This author is not afraid to use goto statements or APL.


The most obvious expression for computing π in APL is ○1. But what if you can’t remember how works, or your O key is broken, or you feel like taking the road less travelled? With thanks to Wikipedia’s excellent list of Approximations of π, here are some short sweet APL expressions for three-and-a-bit:

      3                                 ⍝ very short
      4                                 ⍝ not so sweet
      s←*∘0.5                           ⍝ let's allow ourselves some square roots
      +/s 2 3
      +/1.8*1 0.5                       ⍝ Ramanujan
      s 7+s 6+s 5
      ÷/7 4*7 9
      s s 2143÷22                       ⍝ Ramanujan again
      +∘÷/3 7 15 1 292                  ⍝ continued fraction
      ÷/63 25×17 7+15×s 5
      (⍟744+640320*3)÷s 163             ⍝ Ramanujan yet again

This last one is accurate to more places than I ever learned in my youth!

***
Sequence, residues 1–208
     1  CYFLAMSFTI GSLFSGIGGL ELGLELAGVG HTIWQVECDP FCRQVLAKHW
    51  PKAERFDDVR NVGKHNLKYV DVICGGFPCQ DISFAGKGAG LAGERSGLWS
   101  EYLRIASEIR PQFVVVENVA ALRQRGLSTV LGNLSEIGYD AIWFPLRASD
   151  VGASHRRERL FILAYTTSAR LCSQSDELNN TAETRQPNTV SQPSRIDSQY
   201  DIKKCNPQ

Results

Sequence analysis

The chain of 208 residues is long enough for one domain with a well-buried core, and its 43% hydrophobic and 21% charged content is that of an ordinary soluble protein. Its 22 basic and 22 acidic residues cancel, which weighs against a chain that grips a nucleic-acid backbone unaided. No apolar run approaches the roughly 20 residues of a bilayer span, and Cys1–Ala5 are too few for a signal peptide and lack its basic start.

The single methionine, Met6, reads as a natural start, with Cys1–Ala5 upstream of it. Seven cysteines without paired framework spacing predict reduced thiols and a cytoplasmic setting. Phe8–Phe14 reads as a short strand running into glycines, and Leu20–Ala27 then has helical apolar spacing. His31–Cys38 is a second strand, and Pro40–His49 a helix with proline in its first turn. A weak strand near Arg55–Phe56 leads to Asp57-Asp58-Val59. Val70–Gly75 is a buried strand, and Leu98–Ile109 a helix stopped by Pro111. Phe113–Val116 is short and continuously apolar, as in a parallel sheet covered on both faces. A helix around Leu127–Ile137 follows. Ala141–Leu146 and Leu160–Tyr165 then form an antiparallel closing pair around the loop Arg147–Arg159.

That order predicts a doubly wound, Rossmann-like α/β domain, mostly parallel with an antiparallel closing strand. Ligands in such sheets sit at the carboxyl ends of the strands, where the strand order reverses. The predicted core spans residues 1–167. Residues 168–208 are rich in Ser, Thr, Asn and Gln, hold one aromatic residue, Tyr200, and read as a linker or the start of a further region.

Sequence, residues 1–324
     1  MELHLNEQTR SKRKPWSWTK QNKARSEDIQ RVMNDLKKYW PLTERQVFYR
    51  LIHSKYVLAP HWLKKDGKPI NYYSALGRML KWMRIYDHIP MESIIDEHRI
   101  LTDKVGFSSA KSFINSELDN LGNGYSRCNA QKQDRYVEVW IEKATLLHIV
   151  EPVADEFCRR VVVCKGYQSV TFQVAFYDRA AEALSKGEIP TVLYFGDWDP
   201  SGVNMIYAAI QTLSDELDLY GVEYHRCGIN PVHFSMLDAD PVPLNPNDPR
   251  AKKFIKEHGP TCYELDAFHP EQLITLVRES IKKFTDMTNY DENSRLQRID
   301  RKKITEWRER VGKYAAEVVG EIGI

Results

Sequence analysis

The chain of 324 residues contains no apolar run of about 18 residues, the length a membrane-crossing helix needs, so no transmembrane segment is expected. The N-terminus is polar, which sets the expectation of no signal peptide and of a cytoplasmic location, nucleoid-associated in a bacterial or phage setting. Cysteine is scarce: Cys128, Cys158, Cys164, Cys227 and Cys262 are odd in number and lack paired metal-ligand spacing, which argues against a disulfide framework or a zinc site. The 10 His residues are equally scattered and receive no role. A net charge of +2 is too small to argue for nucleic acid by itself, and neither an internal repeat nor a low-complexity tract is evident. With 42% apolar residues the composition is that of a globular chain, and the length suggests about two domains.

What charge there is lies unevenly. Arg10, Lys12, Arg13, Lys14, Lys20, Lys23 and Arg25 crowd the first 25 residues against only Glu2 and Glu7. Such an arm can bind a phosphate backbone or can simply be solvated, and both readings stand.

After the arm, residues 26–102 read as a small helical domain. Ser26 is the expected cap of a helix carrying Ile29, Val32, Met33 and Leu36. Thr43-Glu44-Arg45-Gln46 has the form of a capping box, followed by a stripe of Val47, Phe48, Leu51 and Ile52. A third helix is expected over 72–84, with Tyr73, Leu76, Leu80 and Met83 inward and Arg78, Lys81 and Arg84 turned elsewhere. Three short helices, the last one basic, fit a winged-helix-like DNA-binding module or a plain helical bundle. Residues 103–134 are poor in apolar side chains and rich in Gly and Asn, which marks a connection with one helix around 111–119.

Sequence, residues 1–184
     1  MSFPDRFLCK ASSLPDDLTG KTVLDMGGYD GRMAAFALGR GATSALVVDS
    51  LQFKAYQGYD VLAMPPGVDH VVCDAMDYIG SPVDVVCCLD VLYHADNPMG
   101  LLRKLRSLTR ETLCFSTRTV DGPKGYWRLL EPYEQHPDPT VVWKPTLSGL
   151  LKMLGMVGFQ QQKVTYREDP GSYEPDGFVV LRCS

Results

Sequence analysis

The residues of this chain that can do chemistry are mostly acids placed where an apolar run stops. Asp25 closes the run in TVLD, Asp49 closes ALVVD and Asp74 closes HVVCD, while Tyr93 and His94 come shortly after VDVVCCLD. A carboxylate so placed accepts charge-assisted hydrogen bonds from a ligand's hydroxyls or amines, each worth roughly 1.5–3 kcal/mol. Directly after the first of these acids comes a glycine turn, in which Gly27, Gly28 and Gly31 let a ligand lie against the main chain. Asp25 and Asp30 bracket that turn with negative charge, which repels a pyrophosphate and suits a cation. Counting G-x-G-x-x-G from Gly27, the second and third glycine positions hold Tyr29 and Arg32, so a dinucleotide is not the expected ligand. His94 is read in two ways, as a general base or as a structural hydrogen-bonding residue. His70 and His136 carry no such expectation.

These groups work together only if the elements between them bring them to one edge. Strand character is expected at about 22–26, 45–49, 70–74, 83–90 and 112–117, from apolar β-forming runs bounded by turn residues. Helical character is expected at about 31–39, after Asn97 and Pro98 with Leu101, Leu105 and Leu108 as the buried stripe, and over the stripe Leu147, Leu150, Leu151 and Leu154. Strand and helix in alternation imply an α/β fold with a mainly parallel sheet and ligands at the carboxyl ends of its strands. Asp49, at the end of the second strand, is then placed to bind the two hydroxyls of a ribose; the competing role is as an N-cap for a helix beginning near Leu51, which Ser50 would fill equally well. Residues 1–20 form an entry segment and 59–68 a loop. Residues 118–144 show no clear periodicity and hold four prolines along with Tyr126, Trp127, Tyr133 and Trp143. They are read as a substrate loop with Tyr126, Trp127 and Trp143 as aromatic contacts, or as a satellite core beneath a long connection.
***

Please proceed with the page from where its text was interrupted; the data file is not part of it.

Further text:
Technical note: to get plenty of precision, these examples were evaluated with 128-bit decimal floating-point, by setting ⎕FR←1287 and ⎕PP←34.

For more on continued fractions, see cfract in the dfns workspace.

Solving the 2014 APL Problem Solving Competition – it’s as easy as 1 1 2 3…

Competition LogoThe winners of the 2014 APL Problem Solving Competition were recognized at the Dyalog ’14 user meeting and had a chance to share their competition experiences. Emil Bremer Orloff won the student competition and received $2500 USD and an expenses-paid trip to Dyalog ’14, while Iryna Pashenkovska took first place among the non-student entries and received a complimentary registration to Dyalog ’14. Our congratulations to them for their fine efforts! This post is the first of a series where we will examine some of the problems selected for this year’s competition. The problem we’ll discuss first is Problem 3 from Phase I dealing with the Fibonacci sequence.